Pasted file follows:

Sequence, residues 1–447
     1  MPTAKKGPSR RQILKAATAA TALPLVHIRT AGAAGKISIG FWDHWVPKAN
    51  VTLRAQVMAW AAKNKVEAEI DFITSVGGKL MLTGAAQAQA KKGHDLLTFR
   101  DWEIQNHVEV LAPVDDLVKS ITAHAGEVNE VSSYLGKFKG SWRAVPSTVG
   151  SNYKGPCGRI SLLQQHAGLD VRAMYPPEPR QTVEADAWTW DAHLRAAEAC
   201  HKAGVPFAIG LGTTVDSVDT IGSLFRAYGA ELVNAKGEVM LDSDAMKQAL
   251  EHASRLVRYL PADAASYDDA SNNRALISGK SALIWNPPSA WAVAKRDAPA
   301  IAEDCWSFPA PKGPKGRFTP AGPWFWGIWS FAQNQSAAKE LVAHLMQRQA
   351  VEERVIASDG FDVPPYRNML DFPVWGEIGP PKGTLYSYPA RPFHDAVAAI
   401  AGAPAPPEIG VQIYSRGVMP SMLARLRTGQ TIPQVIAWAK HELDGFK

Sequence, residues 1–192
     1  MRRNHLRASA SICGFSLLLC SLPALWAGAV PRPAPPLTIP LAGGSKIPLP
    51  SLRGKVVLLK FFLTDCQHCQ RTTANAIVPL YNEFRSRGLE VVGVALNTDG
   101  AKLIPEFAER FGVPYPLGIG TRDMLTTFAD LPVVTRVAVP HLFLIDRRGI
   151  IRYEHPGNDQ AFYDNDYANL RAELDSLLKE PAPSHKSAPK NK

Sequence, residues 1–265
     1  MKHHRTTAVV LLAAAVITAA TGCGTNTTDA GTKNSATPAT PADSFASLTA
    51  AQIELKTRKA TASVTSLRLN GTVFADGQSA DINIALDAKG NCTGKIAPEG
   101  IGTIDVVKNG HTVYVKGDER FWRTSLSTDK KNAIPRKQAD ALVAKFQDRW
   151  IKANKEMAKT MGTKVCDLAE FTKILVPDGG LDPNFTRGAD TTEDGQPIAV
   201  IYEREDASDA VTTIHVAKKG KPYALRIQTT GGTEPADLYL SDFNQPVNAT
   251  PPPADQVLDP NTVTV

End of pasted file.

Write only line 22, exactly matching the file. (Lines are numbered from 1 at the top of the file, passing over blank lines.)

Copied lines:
   251  PPPADQVLDP NTVTV